One of my concerns about going offshore is steering loss, particularly through the loss of, or severe damage to the rudder. Given a boat that has a fin keel and no skeg, the potential for problems is probably greater than with certain other designs. I believe that rudder failures are in the 3% range in the ARC. I work on the basis that if it is going to happen to anyone, it’s going to happen to me and 3 out of 100 in my world is really high.
There are vane gear manufacturers that incorporate emergency steering options. Are there any that offer not only good self steering but truly solid, meaningful emergency systems or would you suggest a completely separate emergency steering set up?
Any insights would be greatly appreciated.
The rest of the boat being well built, I suspect you would be fine with a stand alone spade rudder for most coastal cruising and even for nice downwind crossings. People circumnavigate with spades but it wouldn’t be my first choice. Even my relatively light displacement Cal 33 has a full skeg protecting the rudder. I suspect my rudder could operate without it but the skeg gives extra protection and cuts back on wear and tear on the rudder shaft bearing and sleeve. Going with an unsupported rudder is another cruising tradeoff, this time speed for safety.
There are products that offer both self-steering gear that can operate as an emergency rudder system as well as stand alone emergency rudder systems. My Low Key has the Aries self-steering. I’m told that if I were to lose the rudder I could lock its mini-rudder in place and steer the boat with the vane section. I suspect that the rudder would not be big enough to keep us stable in heavier weather. In that circumstance I would deploy a drogue and hope that the combo would keep us from broaching. Once conditions mellow I’m sure the little Aries rudder, with properly balanced sails, could get us to the nearest island.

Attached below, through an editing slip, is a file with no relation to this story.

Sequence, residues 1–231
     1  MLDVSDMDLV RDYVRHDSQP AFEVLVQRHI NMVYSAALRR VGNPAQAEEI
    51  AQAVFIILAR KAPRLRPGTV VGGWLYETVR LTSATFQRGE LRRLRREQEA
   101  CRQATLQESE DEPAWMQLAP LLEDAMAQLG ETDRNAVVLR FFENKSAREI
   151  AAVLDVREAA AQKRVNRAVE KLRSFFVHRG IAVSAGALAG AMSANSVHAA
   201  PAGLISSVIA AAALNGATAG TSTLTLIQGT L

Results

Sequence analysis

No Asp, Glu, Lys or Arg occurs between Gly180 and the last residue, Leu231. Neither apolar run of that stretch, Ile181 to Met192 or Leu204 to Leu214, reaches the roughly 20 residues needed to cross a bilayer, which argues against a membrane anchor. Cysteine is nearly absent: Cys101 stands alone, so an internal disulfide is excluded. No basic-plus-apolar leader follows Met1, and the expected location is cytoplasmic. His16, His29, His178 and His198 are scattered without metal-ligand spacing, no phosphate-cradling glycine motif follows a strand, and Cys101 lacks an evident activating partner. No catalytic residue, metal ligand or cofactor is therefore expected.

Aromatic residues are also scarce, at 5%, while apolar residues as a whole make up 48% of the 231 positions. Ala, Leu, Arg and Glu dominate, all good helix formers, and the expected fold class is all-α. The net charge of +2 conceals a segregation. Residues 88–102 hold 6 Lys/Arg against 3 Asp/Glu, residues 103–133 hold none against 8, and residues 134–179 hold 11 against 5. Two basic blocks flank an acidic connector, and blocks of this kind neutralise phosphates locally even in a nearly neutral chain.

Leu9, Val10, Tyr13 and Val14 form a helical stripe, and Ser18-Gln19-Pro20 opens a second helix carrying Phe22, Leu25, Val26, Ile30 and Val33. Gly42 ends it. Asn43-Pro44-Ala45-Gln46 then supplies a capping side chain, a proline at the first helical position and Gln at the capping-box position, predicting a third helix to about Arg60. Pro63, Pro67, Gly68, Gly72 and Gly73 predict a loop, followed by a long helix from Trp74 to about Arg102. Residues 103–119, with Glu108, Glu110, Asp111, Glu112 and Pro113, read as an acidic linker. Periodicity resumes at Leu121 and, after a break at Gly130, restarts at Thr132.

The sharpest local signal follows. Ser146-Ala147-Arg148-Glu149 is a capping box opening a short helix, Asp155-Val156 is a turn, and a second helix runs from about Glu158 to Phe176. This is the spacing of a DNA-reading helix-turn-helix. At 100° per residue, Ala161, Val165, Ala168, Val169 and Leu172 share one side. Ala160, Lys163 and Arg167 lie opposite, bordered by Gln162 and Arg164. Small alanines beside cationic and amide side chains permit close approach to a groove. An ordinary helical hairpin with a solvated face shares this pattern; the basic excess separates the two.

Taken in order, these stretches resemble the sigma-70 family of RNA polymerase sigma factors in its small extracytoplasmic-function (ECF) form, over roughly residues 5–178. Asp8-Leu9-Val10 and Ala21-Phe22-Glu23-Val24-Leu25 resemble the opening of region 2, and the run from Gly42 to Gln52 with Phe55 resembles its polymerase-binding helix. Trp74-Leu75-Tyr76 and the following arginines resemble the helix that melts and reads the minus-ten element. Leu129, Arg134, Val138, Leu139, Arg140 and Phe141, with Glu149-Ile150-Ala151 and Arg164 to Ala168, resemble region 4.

If my boat had a spade I would be satisfied with a self-steering system that had a true emergency rudder option if it were backed up by a series drogue and a storm (tiny, strong) headsail. Hydrovane offers a self-steering system with emergency rudder capabilities (and offers a discount to Lats and Atts Cruising Club members). Tania Aebi loved her Monitor which is a similar design to the Aries. It was always an adventure getting the rudder in and out of the water with the Aries. The new Monitors have a flip up design which would alleviate that scenario. Monitor also offers a larger rudder that could be swapped out at sea to provide emergency steering – sounds good. Cape Horn and Auto-Helm also offer self-steering with emergency rudder options. An interesting stand alone emergency rudder set up is the SOS Rudder. You can find all of these products online: http://www.selfsteer.com/, http://www.hydrovane.com/, http://www.selfsteer.dk/, http://www.capehorn.com/.
Regarding the “it will happen to me” mindset. I don’t believe in bad luck. I believe that some people get in the habit of bad planning (choices). Keep an eye on your gear. Cruising is not a ‘hope for the best’ pastime. You get good gear, you install it properly and you watch it, check it, inspect it and keep it going. You’ve given up your job, house, cars, most bills and family requirements; you’re going to want something to fill the void. Replace some of that spare time with ‘the game’. You and yours now have one primary mission – to keep your floating world at peace. Stuff on a boat is constantly working its way loose, wearing down. It’s fun. Learn about your boat. Be able to get to every locker and bilge space. Can’t see behind some piece of gear? Get a mirror. One last tip: if you do allow something break, fix it asap (fluff items – nonessential for boat operation, excluded). The sea has a tendency to take advantage of those with the ‘manana’ mindset.